Thursday, June 12, 2014
What I Learned About Giving Equine Vaccines
I vaccinated all my horses on Monday. Everyone took it very well, being much more concerned about the plastic bag they came in than the actual needle itself. I cleaned each area twice with an alcohol swap. Scrubbing once and then the second was used in a singular swiping motion to remove any bacteria.
This is the first time I have vaccinated my own horses. I have done my own dogs for years, and I have assisted while my horses were being done. I understand about intramuscular, and I know that the injection sight must be clean for these sorts of injections. I have injected antibiotics many times, so I was not uncomfortable with what I was doing.
In the past, with a vet doing the job, I have had different reactions for the same vaccines on the same horses. One year they all reacted poorly to the shots. The next year I used a different vet and none of them reacted at all. Or if they did it was so minor I didn't catch it.
This year they reacted again. The mares more so than the geldings. The first year it was Killian that reacted the worst. This year I think it is Sassy. Trax's was pretty mild.
I did some research.....and some thinking.
This is one of the things I found:
A common mistake is to give an IM vaccine too high
in the neck, causing the vaccine to enter the nuchal ligament rather than the muscle. Also
if given too close to the skin, there can be an inflammatory reaction since skin and
subcutaneous (beneath the skin) tissues of horses are very sensitive to most vaccines.
While I was careful to make sure I was in the muscle, it is possible that I did not go deep enough. The mares both have some swelling at the injection sight. The geldings do too but it is very minor. Also I think I was up too high. I'm not sure why I didn't inject where I would normally give an antibiotic shot. Wait...yes I am. I will tell you why in a minute.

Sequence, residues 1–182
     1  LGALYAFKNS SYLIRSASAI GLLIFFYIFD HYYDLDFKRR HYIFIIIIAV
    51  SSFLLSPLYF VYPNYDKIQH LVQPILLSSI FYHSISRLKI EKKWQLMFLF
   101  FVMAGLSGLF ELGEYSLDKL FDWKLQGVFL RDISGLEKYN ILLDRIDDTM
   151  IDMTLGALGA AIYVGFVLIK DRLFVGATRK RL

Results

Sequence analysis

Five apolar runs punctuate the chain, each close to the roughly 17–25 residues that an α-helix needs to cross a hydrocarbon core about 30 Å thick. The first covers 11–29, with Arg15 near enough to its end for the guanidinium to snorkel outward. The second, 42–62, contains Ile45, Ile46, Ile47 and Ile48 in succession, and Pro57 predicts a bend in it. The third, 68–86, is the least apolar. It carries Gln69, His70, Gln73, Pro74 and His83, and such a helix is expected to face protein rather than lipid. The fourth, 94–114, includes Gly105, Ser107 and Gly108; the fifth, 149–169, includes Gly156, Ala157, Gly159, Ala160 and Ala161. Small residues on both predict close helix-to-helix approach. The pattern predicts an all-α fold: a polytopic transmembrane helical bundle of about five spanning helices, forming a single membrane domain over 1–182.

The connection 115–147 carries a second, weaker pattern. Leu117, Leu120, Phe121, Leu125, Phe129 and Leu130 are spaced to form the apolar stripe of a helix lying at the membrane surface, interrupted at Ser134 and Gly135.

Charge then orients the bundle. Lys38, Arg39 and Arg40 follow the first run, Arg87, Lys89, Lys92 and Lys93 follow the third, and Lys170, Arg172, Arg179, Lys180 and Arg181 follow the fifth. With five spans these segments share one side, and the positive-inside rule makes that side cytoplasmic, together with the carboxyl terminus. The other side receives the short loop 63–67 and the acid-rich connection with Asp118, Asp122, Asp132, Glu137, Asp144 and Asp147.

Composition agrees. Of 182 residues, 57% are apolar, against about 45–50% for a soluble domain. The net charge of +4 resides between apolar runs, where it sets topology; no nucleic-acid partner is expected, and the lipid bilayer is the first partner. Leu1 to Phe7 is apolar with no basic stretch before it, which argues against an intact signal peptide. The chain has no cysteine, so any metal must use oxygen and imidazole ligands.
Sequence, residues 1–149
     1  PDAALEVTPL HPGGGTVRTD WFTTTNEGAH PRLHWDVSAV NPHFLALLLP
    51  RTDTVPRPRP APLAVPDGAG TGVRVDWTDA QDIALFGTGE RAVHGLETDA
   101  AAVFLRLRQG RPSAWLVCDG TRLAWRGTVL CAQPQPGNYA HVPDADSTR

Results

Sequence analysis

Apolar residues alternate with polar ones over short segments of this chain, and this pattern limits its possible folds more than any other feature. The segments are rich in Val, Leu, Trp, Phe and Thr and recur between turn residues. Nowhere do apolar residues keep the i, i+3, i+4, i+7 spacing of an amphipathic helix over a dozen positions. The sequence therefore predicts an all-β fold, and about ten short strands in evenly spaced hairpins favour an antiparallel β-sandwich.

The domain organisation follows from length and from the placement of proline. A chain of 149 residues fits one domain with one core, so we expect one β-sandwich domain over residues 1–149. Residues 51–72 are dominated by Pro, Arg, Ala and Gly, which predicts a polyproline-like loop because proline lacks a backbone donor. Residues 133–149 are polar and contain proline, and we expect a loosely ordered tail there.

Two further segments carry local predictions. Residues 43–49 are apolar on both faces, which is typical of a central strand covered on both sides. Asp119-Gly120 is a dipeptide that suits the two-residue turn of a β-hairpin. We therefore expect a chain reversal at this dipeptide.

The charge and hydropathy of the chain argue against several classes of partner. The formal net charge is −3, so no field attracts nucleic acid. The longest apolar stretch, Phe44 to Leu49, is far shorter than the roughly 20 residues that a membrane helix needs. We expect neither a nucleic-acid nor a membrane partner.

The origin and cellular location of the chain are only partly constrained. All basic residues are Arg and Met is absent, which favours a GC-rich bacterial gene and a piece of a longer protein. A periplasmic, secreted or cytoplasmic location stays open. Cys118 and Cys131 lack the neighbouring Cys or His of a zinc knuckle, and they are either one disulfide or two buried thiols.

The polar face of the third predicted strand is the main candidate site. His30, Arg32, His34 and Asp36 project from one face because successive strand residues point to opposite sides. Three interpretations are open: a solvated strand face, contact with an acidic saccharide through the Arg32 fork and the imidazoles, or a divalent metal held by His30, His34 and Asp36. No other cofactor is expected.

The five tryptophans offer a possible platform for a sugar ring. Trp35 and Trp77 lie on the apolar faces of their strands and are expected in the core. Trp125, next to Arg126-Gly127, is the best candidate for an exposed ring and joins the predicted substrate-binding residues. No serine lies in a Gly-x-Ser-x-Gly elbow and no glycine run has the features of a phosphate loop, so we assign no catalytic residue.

I also suspect that I may have miscalculated my dosage. I don't know this for a fact. I have not even read anything that supports my theory, but it is just a feeling I have. I also think that since the reactions they have right now are the exact same reactions they had for vet #1, I suspect that he also made the same mistakes as me. Especially since I did everything exactly as I remember him doing, including vaccinating up higher on the neck.
On day 1 they just had some soreness and swelling in the neck. Day 2, three out of four have swelling around the jaw. If they have been standing around or sleeping for a while it takes them a minute to work the soreness out enough to graze. Sassy's appetite is lower than usual, but she is still eating the stuff she loves, and everyone else is eating just fine. This is a repeat of 2 years ago.
Interestingly enough, I put the spotted ponies out to pasture and of Trax went right to work. Melody had to "limber up" but eventually was grazing just fine. I decided that the Red horses needed out too, so I shut the front gates and just kicked them out to roam. Funny how they suddenly felt much better and had plenty of energy to run to the fence and start a fight, go to the neighbors fence and try to steal alfalfa through the chain link fence, scratch their big fat butts on our little tiny trees, check every single gate for an escape route, go start another fight, go stare at Steve Wonder the Alpaca, and stopping to snack between each new adventure. When I put everyone away with a fresh flake of hay, they all dove right in, so that was a promising sign as well.
I fully believe that giving them the chance to graze or move about not only helps them work the soreness out, but it keeps them from dwelling on how they feel. Tomorrow I will put the reds in the pasture and the spots out to play. I did read something somewhere that said it is best to exercise right after vaccinating to help keep them from getting sore. I don't know if that is true. I did the exact opposite thinking it would be best to give them time to rest.
I realize that by writing this post and sharing on line I open myself up to a whole lot of criticism, and that is fine. You can't say anything to me that I have not said to myself. I feel bad that they are sore, but I would have felt a whole lot worse if mosquito season hit (next month) and they ended up getting very sick because I had not vaccinated at all. Yes I admit that I did my own to save some money. I know a gazillion people, all who take excellent care of their horses, who do the same thing. My equine fund has taken a couple of major hits that I am still recovering from. I hate having to cut corners, but sometimes you do what you have to do. I know that my horses are going to be okay, although I still feel sick that they don't feel good right now. I don't know if I will try this again next year, I will cross that bridge when I get to it.
I suppose I could have just kept all this information to myself. I even thought about doing just that. However, I didn't, for a reason. I wanted to share what I learned so that others my benefit from my less than stellar experience.